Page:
India’s northern state of Uttar Pradesh has a population of about 205mn, about 60mn more than that of Russia, the largest country in the world.
Had it been a separate country, it would have been the fifth-most populated nation in the world matching that of Brazil, which is three times the size of India, and exceeding that of Pakistan.
The sheer numbers are enough to send one’s head spinning, but factor in Uttar Pradesh’s significance when it comes to Indian politics, and all of it begins to make sense – well, sort of.
It is an established fact of the rough and tumble world of Indian electoral politics that the party which wins Uttar Pradesh wins the country. By sweeping the state elections, the BJP has managed to do what no party has done before: reduce the regional parties and their once-powerful leaders to mere political pariahs with seemingly no succour on the horizon.
Perhaps no region anywhere in the world produces so much intrigue as Uttar Pradesh when it comes to politics. Sons have feuded with fathers, brothers have fought brothers and occasionally wives have taken on their husbands. Add to it the elements of religion, caste and big money and you have an explosive mix that has often kept the nation on edge and international observers in a permanent state of thrall.
The thrall continues with the BJP naming a saffron-clad Hindu temple head priest as the chief minister of the state. Yogi Adityanath, a hardline Hindu nationalist, who has made brazen hate speeches against Muslims and other minorities, will head one of the world’s most underdeveloped and lawless regions in the world.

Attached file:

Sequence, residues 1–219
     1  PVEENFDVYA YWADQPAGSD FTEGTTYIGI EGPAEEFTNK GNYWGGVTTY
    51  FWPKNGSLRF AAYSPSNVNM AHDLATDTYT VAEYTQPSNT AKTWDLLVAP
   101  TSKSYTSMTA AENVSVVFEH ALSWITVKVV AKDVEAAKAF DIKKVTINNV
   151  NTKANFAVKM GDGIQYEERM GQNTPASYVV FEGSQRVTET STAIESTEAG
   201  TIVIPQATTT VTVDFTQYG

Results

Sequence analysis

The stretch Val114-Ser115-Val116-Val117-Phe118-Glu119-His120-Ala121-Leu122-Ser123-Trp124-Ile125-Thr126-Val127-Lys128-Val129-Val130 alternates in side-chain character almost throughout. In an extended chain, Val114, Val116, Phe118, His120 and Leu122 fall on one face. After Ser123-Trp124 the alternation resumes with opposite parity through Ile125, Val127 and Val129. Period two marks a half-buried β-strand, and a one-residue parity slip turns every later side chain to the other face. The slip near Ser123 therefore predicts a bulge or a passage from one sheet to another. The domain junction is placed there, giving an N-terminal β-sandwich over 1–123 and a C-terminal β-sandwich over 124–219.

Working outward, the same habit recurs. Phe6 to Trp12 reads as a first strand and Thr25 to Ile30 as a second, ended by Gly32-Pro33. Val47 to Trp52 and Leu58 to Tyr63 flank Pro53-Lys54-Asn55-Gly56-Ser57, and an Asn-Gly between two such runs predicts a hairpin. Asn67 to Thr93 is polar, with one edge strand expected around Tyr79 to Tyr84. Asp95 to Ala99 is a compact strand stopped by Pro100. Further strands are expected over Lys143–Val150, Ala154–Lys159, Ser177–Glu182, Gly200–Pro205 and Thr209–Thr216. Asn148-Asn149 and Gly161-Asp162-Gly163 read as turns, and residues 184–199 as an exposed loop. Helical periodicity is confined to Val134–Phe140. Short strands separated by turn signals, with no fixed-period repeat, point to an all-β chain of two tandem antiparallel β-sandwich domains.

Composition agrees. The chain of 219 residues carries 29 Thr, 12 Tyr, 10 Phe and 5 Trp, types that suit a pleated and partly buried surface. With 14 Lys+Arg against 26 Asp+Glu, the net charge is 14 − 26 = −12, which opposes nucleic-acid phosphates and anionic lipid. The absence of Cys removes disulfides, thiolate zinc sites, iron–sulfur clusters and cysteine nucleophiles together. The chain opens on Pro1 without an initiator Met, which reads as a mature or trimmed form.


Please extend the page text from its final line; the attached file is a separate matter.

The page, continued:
It is a recipe for disaster, many “liberal” observers say, adding that Prime Minister Narendra Modi’s government is aggressively pushing its agenda of tearing apart India’s secular credentials and turning into a Hindu nation.
But his supporters insist he has been unjustly projected as a villain by the biased left-leaning media when in actual fact he is a “compassionate” leader who has often come to the aid of troubled minorities.
His fiery speeches were all the rage in cyberspace a few days ago, but barely had he taken the oath of office, stories have been streaming in about his commitment to peace and the welfare of everybody irrespective of caste, religion or social status.
The first thing he did was to ask his party leaders to furnish details of their wealth and declare their sources of income, thereby indicating that he would not tolerate corruption under his watch.
He has also promised that he would be a just leader to all and that he would be aggressively pursuing Modi’s agenda of all-inclusive development more than anything else.
Be that as it may, but the question remains whether Modi will be able to rein him in if he gets carried away by power and threatens to take Uttar Pradesh deeper into chaos.
It’s too early to hazard a guess, but India, and perhaps the whole world, is on edge, thanks to the politics of an Indian province.
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